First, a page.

Publication details

The COVID-19 pandemic and global environmental change: Emerging research needs

Authors

BAROUKI Robert KOGEVINAS Manolis AUDOUZE Karine BELESOVA Kristine BERGMAN Ake BIRNBAUM Linda BOEKHOLD Sandra DENYS Sebastien DESSEILLE Celine DRAKVIK Elina FRUMKIN Howard GARRIC Jeanne DESTOUMIEUX-GARZON Delphine HAINES Andrew HUSS Anke JENSEN Genon KARAKITSIOS Spyros KLÁNOVÁ Jana KOSKELA Iida-Maria LADEN Francine MARANO Francelyne MATTHIES-WIESLER Eva Franziska MORRIS George NOWACKI Julia PALONIEMI Riikka PEARCE Neil PETERS Annette REKOLA Aino SARIGIANNIS Denis ŠEBKOVÁ Kateřina SLAMA Remy STAATSEN Brigit TONNE Cathryn VERMEULEN Roel VINEIS Paolo

Year of publication 2021
Type Article in Periodical
Magazine / Source Environment International
MU Faculty or unit

Faculty of Science

Citation
Web https://www.sciencedirect.com/science/article/pii/S0160412020322273?via%3Dihub
Doi http://dx.doi.org/10.1016/j.envint.2020.106272
Keywords SARS-COV-2; Biodiversity; Urbanization; Climate; Chemicals; Transformational change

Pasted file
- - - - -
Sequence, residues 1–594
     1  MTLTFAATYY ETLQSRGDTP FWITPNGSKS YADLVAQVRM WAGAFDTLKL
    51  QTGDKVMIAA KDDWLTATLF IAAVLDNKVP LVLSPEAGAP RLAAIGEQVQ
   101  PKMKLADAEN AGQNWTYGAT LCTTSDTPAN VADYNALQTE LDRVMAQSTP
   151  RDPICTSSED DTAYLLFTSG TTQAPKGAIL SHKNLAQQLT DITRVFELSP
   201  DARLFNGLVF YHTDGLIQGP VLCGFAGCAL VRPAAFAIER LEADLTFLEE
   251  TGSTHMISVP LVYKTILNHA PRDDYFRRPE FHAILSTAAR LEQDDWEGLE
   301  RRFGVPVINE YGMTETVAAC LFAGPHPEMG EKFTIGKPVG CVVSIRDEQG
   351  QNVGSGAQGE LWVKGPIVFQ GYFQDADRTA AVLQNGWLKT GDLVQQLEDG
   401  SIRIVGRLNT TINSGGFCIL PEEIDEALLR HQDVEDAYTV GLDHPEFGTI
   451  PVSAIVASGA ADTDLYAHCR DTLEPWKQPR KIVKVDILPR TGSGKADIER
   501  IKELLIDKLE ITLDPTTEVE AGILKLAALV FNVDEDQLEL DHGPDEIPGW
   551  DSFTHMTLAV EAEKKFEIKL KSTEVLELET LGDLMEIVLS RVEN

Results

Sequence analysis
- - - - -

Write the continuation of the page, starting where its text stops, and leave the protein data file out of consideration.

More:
Description The outbreak of COVID-19 raised numerous questions on the interactions between the occurrence of new infections, the environment, climate and health. The European Union requested the H2020 HERA project which aims at setting priorities in research on environment, climate and health, to identify relevant research needs regarding Covid-19. The emergence and spread of SARS-CoV-2 appears to be related to urbanization, habitat destruction, live animal trade, intensive livestock farming and global travel. The contribution of climate and air pollution requires additional studies. Importantly, the severity of COVID-19 depends on the interactions between the viral infection, ageing and chronic diseases such as metabolic, respiratory and cardiovascular diseases and obesity which are themselves influenced by environmental stressors. The mechanisms of these interactions deserve additional scrutiny. Both the pandemic and the social response to the disease have elicited an array of behavioural and societal changes that may remain long after the pandemic and that may have long term health effects including on mental health. Recovery plans are currently being discussed or implemented and the environmental and health impacts of those plans are not clearly foreseen. Clearly, COVID-19 will have a longlasting impact on the environmental health field and will open new research perspectives and policy needs.
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